Saturday, July 27, 2019

Harry Potter and the Cursed Child Part 1: Broadway Play Review


Harry Potter and the Cursed Child has been on my to-see list since the play came out in New York last year. I'm a longtime fan of the books (aren't we all) and was curious how a stage adaptation of a sequel years set over a decade later would work. Note this review is only for Part I, as given the length of each part (3 hours each, 6 hours total) I haven't yet seen Part II. Overall, while I was entertained, I would put this into the same category as the Fantastic Beasts movies - entertaining, but missing much of the magic of the original series.







 Harry Potter on Broadway is set at the Lyric Theater by Times Square, which was previously occupied by Cirque du Soleil's Paramour. I actually saw Paramour during its two year run here, and will say it was a pretty forgettable show save for one incredible acrobatic sequence starring the Atherton twins in a hair-raising sequence where they hung hundreds of feet up on the ceiling of the theater with no safety gear. Given the otherwise tepid reviews for the show, it probably makes sense that Cirque accepted an ~$23 million payout to vacate the Lyric early for HP.





The Lyric is a beautiful theater and stands out among the many Broadway theater venues. It features a gorgeous ceiling and a cinematic mezzanine balcony in the lobby, a space that's been completely redone by the Harry Potter team. What's fun to see and compare is how the theater has transformed from the glitzy, bright gold and red Old Hollywood backdrop of Paramour into a completely dark, smoky blue and gray palate for HP. I have to say I much preferred Paramour's decor, as the HP design team went a bit too far in the dark and mysterious direction, to the point where the interiors feel rather claustrophobic and difficult to navigate, especially when packed with hundreds of guests.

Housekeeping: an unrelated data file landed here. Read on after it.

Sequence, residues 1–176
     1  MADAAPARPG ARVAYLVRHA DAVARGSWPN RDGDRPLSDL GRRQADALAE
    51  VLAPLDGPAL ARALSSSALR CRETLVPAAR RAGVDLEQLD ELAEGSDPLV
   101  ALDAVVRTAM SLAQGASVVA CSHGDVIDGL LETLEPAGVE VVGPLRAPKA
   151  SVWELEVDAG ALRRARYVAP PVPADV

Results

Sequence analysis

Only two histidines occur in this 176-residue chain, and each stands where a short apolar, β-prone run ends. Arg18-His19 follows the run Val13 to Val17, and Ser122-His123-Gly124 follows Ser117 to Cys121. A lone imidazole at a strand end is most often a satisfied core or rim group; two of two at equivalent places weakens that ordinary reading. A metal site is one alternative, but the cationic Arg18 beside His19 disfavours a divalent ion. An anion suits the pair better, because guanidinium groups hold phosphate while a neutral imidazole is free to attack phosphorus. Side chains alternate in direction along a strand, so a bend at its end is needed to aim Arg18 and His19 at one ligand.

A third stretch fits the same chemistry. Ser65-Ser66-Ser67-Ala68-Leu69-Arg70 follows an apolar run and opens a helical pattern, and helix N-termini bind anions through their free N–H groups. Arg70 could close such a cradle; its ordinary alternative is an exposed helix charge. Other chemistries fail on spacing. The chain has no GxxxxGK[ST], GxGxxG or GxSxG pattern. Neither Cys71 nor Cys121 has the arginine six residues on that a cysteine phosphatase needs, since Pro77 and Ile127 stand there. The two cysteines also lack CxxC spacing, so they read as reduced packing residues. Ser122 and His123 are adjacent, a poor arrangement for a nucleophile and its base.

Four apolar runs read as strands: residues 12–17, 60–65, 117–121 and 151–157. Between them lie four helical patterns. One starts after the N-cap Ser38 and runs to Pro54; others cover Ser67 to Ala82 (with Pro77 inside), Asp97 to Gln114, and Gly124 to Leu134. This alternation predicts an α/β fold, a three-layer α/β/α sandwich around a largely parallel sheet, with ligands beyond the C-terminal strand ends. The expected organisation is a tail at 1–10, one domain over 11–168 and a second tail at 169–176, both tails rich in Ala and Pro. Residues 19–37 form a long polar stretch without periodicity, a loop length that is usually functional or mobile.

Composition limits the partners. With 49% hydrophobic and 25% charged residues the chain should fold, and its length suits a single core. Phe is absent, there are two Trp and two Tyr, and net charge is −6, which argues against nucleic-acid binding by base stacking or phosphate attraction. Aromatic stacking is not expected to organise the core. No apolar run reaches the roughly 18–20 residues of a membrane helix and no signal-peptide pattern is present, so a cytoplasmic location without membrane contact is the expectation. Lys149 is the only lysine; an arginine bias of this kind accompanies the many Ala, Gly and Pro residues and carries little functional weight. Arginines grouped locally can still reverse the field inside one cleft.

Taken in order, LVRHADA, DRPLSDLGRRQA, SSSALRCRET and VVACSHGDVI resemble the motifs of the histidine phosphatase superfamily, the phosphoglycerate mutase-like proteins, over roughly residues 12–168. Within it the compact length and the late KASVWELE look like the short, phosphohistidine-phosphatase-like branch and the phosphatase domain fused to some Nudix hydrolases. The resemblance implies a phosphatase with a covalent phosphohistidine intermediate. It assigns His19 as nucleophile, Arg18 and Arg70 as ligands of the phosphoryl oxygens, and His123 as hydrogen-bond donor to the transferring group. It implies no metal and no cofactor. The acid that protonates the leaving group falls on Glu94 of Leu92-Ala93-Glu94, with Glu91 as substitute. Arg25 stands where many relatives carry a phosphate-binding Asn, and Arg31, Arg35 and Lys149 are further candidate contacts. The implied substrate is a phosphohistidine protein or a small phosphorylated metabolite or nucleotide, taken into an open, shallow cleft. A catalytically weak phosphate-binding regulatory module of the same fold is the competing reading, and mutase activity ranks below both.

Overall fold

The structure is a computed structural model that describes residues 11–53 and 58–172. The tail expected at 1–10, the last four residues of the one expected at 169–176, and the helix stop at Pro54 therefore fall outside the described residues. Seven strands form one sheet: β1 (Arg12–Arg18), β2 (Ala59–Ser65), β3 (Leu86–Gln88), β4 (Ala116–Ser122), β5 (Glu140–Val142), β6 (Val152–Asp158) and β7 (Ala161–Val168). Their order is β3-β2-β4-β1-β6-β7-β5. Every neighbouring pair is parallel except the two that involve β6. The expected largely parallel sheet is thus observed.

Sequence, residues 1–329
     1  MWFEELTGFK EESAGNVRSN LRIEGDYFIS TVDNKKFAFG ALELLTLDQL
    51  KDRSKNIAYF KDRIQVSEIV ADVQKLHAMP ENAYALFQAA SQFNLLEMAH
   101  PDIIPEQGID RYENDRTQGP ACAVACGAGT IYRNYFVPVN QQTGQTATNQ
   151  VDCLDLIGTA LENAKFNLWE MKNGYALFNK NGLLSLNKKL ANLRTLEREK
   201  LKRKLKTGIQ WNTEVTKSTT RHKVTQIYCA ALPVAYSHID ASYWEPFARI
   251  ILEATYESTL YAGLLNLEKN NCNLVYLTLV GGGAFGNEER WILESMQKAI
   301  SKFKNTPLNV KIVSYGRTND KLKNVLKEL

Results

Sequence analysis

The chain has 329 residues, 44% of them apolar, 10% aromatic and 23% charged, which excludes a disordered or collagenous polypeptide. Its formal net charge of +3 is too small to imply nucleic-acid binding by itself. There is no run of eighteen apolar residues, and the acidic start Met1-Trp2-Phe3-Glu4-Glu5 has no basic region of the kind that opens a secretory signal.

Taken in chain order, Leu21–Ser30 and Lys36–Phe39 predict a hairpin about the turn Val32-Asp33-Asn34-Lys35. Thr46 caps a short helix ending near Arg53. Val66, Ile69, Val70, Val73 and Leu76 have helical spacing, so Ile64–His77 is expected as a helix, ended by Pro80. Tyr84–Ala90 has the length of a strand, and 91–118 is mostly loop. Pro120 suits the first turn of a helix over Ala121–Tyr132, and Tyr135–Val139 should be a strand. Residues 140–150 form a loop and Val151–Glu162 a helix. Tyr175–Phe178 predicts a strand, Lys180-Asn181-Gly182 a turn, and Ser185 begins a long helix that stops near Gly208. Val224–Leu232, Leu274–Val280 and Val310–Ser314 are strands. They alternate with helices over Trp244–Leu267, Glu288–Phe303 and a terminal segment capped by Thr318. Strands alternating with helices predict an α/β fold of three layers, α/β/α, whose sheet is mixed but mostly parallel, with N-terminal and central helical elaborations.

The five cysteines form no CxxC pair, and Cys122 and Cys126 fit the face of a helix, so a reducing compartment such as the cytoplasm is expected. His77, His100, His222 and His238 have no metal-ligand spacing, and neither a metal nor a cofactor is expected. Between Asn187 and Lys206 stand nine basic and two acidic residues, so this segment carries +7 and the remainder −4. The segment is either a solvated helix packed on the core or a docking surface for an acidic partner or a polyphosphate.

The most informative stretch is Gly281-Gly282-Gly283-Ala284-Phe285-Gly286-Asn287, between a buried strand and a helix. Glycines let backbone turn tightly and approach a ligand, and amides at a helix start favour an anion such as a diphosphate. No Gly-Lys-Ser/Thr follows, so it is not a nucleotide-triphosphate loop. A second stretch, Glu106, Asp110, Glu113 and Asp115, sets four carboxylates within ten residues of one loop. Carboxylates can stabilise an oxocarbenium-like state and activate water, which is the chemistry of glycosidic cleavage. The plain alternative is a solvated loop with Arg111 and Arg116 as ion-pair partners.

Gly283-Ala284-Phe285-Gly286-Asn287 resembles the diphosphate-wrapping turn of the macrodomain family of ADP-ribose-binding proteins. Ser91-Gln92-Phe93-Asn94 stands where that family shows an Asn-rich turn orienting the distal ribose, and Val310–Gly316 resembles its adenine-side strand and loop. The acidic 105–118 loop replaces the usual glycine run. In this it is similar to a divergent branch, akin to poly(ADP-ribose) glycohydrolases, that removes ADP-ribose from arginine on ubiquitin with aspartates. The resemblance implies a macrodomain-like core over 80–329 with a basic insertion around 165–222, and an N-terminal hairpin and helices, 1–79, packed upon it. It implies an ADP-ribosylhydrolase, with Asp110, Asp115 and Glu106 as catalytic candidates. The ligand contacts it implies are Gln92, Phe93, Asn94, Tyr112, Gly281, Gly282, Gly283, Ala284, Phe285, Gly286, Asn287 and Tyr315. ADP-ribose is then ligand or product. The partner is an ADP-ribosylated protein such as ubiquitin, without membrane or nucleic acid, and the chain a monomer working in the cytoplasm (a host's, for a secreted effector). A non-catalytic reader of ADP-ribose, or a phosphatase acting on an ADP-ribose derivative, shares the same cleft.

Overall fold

The story for The Cursed Child starts right at the point of the epilogue in Book 7, when Harry sees his children off to Hogwarts at King's Cross. The story spins rapidly through the first couple years of Albus' time in Hogwarts via a series of montages, and then settles in once he's about midway through his schooling (and in the midst of his angsty teen years). From there the plot takes a particularly fantastical turn, involving a ploy to rescue an old-time character and subsequently alter the events of the original books.



I won't spoil too much here, but I will say that generally while it was fun to revisit old characters (Ron, Hermione, Harry, Ginny, and more), the main cast is very much in the sidelines and the young generation (Albus and Scorpius specifically) own the bulk of the action and screentime. In some ways this seems fitting, as Harry's adventures effectively wrapped up years ago and his main challenge now is wrestling with the challenges of fatherhood and some legacy issues that inevitably circle around The Boy Who Lived. He has a number of scenes and pick-ups from the original books, but he's not the one driving the plot and ultimately is not all that important to the storyline.